The Witches: Discussion Questions

The WitchesAs part of Bas Bleu’s 2016 Book a Month program, each month we’re offering discussion questions, author interviews, or other bonus material about our Bluestocking BAM selection to enrich your reading experience—for book clubs as well as thoughtful individuals. (We’ll do our best to avoid plot spoilers, but you should proceed with caution!) 

Our August Book a Month selection, The Witches by Pulitzer Prize-winning author Stacy Schiff, is a sprawling, eminently readable plunge into the Salem witch trials that ravaged colonial Massachusetts and continue to haunt American culture today. In this ambitious account, Schiff’s vivid prose and in-depth research combine to create “a cautionary tale of how fear, panic and anxiety can transform a civilized society into a barbaric one.” The author herself, in an interview with BookPage, admitted, “At some point I thought the first line should have been, ‘This is a book about anxiety.’” All that to say: Your book club is going to have a field day with this one.

  1. In her opening chapter, Schiff writes, “We have believed in any number of things—the tooth fairy, cold fusion, the benefits of smoking, the free lunch—that turn out not to exist. We all subscribe to preposterous beliefs; we just don’t know yet which ones they are.” What beliefs have you held in the past that turned out to be based in fiction or falsehood? Or what beliefs do you currently hold that could be dubbed “preposterous” by someone from a different culture or time?
  1. More than three centuries after the trials, the term “witch hunt” is commonly used in American culture. Can you name three other serious “witch hunts” from U.S. history, when the judicial system and/or public opinion persecuted a specific group of people based on exaggerated or false claims? What did/do those witch hunts say about American life at the time?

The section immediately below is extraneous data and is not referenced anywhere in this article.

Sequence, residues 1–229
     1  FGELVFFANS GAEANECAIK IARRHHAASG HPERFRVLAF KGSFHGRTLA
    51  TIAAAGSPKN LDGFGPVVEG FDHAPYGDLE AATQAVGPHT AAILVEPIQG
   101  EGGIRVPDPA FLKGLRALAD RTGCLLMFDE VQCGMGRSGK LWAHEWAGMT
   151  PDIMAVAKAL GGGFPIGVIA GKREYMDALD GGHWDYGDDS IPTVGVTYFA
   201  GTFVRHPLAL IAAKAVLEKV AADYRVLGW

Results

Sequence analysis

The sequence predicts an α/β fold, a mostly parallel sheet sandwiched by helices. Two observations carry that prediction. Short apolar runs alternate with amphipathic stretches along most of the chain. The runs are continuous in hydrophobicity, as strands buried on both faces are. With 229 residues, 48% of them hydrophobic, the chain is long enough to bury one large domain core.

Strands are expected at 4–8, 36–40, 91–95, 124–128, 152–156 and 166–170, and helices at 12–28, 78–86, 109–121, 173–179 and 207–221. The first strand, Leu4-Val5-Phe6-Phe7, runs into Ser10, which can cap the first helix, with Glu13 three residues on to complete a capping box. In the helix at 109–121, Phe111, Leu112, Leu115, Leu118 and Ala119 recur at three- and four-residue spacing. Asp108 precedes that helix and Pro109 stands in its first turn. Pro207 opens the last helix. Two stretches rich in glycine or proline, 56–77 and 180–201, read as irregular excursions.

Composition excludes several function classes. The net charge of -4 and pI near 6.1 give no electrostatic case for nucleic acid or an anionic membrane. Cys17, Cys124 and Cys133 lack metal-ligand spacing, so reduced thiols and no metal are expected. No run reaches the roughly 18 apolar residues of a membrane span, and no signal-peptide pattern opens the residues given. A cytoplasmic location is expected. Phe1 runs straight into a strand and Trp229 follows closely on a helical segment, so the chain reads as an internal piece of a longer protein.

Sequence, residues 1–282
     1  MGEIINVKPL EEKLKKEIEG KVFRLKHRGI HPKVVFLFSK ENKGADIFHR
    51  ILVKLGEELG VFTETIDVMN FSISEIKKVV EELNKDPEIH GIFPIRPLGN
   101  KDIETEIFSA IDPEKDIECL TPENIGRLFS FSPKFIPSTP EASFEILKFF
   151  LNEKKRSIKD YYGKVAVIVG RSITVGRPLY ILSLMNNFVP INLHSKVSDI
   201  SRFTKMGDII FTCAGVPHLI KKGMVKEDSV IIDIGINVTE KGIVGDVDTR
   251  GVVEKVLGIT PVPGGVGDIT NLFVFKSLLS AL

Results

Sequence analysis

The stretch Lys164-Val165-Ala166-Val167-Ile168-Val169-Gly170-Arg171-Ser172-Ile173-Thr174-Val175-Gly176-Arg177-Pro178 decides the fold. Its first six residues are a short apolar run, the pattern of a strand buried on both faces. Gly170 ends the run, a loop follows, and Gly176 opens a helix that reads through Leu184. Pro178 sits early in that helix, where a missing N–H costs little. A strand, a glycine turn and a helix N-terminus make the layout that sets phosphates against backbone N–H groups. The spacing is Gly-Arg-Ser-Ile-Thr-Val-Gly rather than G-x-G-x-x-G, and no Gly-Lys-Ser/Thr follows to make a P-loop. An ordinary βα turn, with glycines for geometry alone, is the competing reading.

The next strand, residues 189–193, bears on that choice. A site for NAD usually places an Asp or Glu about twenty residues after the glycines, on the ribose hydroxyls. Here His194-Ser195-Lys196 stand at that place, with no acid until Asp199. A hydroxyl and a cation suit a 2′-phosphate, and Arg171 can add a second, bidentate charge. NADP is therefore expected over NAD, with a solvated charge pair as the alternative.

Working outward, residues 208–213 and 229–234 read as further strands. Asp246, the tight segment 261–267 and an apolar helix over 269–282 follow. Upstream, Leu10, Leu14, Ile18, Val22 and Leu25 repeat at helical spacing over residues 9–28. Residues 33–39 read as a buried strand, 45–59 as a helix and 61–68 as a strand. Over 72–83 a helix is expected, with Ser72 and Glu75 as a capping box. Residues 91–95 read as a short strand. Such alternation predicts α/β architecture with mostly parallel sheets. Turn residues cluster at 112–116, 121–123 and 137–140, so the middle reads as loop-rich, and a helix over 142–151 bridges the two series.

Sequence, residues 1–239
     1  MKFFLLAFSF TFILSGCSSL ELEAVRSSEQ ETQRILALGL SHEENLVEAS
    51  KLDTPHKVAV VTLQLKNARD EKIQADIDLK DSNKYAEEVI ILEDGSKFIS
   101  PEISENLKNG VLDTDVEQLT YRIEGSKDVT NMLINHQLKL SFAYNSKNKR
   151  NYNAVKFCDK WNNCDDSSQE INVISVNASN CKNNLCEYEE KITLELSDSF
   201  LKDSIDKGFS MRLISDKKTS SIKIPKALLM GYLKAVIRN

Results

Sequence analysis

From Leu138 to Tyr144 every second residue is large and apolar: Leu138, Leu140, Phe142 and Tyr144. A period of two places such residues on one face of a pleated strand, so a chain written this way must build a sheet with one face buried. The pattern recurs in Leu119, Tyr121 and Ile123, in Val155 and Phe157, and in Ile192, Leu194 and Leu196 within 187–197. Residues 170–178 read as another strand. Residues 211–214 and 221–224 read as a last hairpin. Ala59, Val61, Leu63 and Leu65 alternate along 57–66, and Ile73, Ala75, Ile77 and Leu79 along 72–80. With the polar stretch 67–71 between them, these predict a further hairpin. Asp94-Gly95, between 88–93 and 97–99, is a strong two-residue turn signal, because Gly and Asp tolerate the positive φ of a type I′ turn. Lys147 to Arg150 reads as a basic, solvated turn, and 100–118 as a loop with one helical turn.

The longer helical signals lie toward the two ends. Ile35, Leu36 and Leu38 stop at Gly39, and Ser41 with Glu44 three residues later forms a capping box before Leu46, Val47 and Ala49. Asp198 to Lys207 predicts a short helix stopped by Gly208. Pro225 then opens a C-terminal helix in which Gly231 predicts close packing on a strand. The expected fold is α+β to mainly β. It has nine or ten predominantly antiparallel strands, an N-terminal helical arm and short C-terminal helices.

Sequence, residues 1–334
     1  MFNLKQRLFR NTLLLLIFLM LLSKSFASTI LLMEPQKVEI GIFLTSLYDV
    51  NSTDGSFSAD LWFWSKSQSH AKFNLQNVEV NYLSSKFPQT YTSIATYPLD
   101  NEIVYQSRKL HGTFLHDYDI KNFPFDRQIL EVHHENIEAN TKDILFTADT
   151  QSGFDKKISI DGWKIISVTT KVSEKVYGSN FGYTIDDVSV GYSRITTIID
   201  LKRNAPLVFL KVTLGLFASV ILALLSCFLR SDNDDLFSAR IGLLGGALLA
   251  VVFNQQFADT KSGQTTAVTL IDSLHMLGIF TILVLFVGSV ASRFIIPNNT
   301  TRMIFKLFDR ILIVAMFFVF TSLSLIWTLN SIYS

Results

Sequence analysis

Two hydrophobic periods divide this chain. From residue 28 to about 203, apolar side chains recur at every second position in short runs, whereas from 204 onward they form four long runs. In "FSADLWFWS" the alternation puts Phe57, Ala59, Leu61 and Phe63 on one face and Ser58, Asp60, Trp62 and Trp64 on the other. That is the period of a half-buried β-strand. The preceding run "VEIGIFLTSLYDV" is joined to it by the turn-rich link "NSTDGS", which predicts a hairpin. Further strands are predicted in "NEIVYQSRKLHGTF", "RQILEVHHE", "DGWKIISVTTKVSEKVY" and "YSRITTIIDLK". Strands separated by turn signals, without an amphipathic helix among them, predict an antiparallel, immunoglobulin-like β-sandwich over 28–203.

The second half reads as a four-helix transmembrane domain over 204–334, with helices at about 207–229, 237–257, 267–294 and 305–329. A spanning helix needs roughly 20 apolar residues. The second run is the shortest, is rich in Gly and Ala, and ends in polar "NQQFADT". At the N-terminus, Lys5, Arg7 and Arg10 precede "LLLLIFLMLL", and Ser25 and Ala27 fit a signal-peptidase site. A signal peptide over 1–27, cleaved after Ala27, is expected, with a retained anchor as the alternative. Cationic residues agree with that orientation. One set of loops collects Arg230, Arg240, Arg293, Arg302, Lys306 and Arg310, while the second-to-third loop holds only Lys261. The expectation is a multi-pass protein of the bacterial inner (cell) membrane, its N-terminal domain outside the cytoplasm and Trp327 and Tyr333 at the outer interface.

1. Women dominated the Salem witch trials, as both accusers and accused, though men held judicial power during the trials. Why? And what does our culture’s continued fascination with the trials say about our views of women?
  1. Today our national concept of witches is pretty harmless: pointy hats, broomsticks, and striped socks are de rigueur for children and adults alike on Halloween. During the trials, innocent men and women actually lost their lives based simply on an accusation of witchcraft. What other atrocities or dark periods from American history have been sanitized over time?
  1. What public figures today—be they politicians, religious leaders, or celebrities—use mob mentality to whip up support for their causes? Why are humans so susceptible to that emotionally charged groupthink? When is large-scale, shared public sentiment harmful and when is it beneficial?
  1. The Puritans of the Massachusetts Bay Colony may have left England for idealistic reasons, but the realities they faced in the New World were terrifying: vast wilderness, illness and starvation, threats from French and native populations, and long, dark winters, just to name a few. While hopefully you’ve never encountered these challenges, has there ever been a period in your life when anxiety and despair (from your environment, your relationships, your job, etc.) caused you to act irrationally or in a manner that was out of character?
  1. Writers Arthur Miller and Washington Irving both played major roles in reshaping the facts of the Salem witch trials for contemporary readers. What “new” facts about the trials were most shocking for you? When have other literary works left you falsely informed about history?

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4 thoughts on “The Witches: Discussion Questions

  1. My book club had it as our choice for October. I was the only one who managed to get through it. The topic is dark. Yes. But the writing was just too chaotic and convoluted.

  2. My book club had planned to read Witches in October, but the person who recommended it withdrew it saying that it was too dark and disturbing . Can you respond to me with a possible, alternate viewpoint?

    • Hi, Barbara. Thanks for checking in. There’s no denying the Salem witch trials were a dark chapter in American history, a miscarriage of justice that proved tragic for too many victims. More than 300 years later, the trials continue to resonate in American history and culture, from McCarthyism, anti-Semitism, Islamaphobia, even clashes regarding gender roles in America. Just the other day, we read a political article that used the phrase “witch hunt.” All that to say: no, it’s not a happy story, but it’s an important event for us to study as humans seeking to learn more about why we do the things we do…so that we can prevent history from repeating itself. If your book club does decide to read it, we’d love to hear about the ensuing discussion!

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